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Greenville Braves

From Wikipedia, the free encyclopedia

Greenville Braves
Greenville, South Carolina
GreenvilleBraves 100.png
Team logo
Minor league affiliations
Previous classesDouble-A (1984–2004)
LeagueSouthern League (1984–2004)
Major league affiliations
Previous teamsAtlanta Braves (1984–2004)
Team data
Previous names
Greenville Braves (1984–2004)
MascotTommy Hawk (1997-2004)
Dingbat (2000-2004)
Previous parks
Greenville Municipal Stadium (1984–2004)

The Greenville Braves were an American minor league baseball franchise, based in Greenville, South Carolina, that served as the Class AA farm team of the Atlanta Braves between 1984 and 2004. The Braves played in Greenville Municipal Stadium for all 21 years of their existence.

The team had much success and many famous future Atlanta players such as Tom Glavine, Chipper Jones, Javy López, Jason Marquis, Eddie Pérez, Andruw Jones, and John Rocker played there. They won multiple Southern League championships, and the 1992 edition, managed by Grady Little and featuring Chipper Jones and López, won 100 out of 143 games (.699) during the regular season to take the pennant, then captured the SL playoff title. The 1992 Braves were recognized as one of the 100 greatest minor league teams of all time.[1] After the 2004 season, the parent club in Atlanta transferred the G-Braves to Pearl, Mississippi, where the team is now known as the Mississippi Braves.

The Braves cited an outdated stadium that did not meet current standards and the City of Greenville's unwillingness to create a sufficient financial package to build a new stadium as the cause of the move. With the Greenville Braves out, the Greenville Bombers (formerly the Capital City Bombers), Class A South Atlantic League affiliate of the Boston Red Sox, moved into the old Braves stadium in 2005. In 2006, a brand new stadium located in Downtown Greenville, Fluor Field at the West End, opened and the Bombers changed their name to the Greenville Drive.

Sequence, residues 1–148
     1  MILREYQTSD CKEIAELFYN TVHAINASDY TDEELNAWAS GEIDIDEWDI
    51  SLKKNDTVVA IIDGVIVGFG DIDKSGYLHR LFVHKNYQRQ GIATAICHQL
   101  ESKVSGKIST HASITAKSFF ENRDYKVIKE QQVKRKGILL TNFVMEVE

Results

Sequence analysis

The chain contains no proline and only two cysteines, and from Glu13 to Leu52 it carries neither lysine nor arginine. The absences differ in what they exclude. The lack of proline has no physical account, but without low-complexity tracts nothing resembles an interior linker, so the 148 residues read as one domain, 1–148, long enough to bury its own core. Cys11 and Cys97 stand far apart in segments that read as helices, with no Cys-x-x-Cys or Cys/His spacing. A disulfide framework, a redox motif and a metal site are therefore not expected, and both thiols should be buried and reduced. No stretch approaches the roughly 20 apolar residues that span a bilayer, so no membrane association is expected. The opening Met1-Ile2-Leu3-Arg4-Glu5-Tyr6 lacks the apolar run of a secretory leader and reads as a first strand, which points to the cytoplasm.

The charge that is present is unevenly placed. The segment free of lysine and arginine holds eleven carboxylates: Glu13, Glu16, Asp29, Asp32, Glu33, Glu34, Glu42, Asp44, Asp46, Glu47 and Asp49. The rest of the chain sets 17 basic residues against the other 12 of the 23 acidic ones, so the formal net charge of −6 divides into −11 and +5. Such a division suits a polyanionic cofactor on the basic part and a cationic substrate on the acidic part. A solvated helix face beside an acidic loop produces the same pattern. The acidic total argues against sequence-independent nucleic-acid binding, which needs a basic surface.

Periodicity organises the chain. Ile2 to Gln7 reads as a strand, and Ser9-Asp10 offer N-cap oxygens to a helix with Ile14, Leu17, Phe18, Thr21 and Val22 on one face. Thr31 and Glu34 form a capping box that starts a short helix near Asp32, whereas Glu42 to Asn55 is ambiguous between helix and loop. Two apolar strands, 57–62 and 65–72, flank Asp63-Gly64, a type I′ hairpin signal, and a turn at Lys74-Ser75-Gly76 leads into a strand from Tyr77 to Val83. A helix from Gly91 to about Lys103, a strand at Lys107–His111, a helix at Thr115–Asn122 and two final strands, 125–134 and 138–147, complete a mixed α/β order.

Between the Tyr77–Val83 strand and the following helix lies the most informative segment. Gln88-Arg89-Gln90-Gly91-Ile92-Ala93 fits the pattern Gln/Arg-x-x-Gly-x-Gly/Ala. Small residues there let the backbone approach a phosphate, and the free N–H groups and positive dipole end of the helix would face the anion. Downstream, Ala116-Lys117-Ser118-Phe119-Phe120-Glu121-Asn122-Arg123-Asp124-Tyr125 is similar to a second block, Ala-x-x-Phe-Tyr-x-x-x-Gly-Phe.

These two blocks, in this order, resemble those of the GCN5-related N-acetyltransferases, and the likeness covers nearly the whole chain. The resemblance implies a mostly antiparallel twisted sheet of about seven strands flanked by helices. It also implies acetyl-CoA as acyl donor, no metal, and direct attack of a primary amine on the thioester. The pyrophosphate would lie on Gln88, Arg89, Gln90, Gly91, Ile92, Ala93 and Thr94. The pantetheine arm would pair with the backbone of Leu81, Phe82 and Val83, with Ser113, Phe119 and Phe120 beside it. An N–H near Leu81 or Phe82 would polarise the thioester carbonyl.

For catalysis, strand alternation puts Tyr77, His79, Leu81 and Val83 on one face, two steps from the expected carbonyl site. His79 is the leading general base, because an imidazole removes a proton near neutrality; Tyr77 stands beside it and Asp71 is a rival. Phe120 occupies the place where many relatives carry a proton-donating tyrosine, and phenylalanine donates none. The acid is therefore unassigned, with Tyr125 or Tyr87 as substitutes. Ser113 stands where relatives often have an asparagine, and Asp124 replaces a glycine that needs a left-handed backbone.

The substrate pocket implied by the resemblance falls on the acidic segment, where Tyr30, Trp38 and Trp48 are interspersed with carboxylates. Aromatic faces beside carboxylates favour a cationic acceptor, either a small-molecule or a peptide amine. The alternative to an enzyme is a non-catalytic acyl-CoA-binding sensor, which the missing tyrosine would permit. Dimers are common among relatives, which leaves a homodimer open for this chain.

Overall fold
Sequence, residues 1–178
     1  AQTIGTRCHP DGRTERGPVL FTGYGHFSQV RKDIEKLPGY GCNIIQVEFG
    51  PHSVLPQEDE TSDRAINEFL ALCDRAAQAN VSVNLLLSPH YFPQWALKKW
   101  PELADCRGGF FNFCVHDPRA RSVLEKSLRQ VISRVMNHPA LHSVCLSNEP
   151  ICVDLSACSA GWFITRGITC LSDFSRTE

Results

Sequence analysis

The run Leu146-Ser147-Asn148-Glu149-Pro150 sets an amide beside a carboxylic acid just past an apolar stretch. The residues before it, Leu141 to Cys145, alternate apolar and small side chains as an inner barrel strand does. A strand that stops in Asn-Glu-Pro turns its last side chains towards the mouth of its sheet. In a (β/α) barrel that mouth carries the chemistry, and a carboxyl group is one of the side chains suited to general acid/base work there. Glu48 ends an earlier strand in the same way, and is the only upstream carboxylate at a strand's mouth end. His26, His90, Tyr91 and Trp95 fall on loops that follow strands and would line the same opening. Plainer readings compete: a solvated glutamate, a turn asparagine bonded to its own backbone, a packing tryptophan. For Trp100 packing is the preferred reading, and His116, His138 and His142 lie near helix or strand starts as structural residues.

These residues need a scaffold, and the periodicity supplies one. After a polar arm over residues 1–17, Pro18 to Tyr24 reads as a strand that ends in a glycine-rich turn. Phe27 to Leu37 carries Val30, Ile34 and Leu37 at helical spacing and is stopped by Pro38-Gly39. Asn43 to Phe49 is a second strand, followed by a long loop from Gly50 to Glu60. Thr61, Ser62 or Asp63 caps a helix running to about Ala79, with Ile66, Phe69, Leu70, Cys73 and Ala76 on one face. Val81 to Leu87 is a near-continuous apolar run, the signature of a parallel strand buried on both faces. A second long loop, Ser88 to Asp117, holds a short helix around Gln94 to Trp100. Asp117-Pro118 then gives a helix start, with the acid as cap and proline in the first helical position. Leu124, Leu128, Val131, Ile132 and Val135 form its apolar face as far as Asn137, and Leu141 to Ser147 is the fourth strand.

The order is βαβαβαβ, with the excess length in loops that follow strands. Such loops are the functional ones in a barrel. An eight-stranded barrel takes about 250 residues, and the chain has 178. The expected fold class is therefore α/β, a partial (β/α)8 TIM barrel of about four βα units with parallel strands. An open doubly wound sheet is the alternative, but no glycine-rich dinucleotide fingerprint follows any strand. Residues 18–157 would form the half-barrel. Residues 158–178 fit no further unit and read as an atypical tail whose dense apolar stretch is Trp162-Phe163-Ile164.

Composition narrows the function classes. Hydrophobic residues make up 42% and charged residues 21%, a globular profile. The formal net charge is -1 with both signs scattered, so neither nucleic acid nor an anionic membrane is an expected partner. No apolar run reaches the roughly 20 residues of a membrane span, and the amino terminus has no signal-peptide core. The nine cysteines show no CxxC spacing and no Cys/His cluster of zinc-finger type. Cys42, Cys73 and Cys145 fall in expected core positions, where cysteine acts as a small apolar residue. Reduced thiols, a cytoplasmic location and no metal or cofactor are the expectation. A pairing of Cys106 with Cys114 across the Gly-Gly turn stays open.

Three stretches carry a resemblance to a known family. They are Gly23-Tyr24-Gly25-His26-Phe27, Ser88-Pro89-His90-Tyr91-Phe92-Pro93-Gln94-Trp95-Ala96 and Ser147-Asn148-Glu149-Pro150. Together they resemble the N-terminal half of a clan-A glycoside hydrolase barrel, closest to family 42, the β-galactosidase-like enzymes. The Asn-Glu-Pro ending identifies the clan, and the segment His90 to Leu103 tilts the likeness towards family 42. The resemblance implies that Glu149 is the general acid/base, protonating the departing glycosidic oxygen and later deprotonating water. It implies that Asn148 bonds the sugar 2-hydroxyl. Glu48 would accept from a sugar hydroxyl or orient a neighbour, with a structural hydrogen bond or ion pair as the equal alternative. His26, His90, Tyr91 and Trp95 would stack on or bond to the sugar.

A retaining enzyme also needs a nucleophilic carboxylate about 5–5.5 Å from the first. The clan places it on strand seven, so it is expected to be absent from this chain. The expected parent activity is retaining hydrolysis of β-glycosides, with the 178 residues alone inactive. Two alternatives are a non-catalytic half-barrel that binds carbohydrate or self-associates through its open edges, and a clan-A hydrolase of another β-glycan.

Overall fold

Greenville Braves (WCL, 1963–64)

Greenville also hosted a team in the low Class A Western Carolinas League—the former identity (1960–79) of the South Atlantic League—called the Braves as an affiliate of the Milwaukee Braves in 1963 and 1964. This two-year affiliation was brief, but produced the 1963 playoff champions of the WCL. When the New York Mets replaced the Braves as the team's parent in 1965, the nickname was changed.

Hall of Fame Alumni

Notable former players

Season-by-season records

The following is a list of the Greenville Braves season-by-season record.[2]

Year Team Name Wins Losses W-L % Manager
1963 Greenville Braves 59 65 0.476% Jim Fanning and Paul Snyder
1964 Greenville Braves 63 63 0.500% Bill Steinecke and Jimmy Brown
1984 Greenville Braves 80 67 0.567% Bobby Dews and Leo Mazzone
1985 Greenville Braves 70 74 0.486% Jim Beauchamp
1986 Greenville Braves 73 71 0.486% Jim Beauchamp
1987 Greenville Braves 70 74 0.786% Jim Beauchamp
1988 Greenville Braves 87 57 0.604% Buddy Bailey and Russ Nixon
1989 Greenville Braves 70 69 0.504% Buddy Bailey
1990 Greenville Braves 57 87 0.396% Buddy Bailey
1991 Greenville Braves 88 56 0.611% Chris Chambliss
1992 Greenville Braves 100 43 0.699% Grady Little
1993 Greenville Braves 70 67 0.511% Bruce Kimm
1994 Greenville Braves 73 63 0.537% Bruce Benedict
1995 Greenville Braves 59 83 0.415% Bruce Benedict
1996 Greenville Braves 58 82 0.414% Jeff Cox
1997 Greenville Braves 74 66 0.529% Randy Ingle
1998 Greenville Braves 67 72 0.482% Randy Ingle
1999 Greenville Braves 58 80 0.420% Paul Runge
2000 Greenville Braves 68 71 0.489% Paul Runge
2001 Greenville Braves 60 79 0.432% Paul Runge
2002 Greenville Braves 65 63 0.485% Brian Snitker
2003 Greenville Braves 68 70 0.493% Brian Snitker
2004 Greenville Braves 63 76 0.453% Brian Snitker


  1. ^ "Top 100 Teams". 2001. Retrieved May 9, 2017.
  2. ^ Baseball Reference
This page was last edited on 1 January 2020, at 02:34
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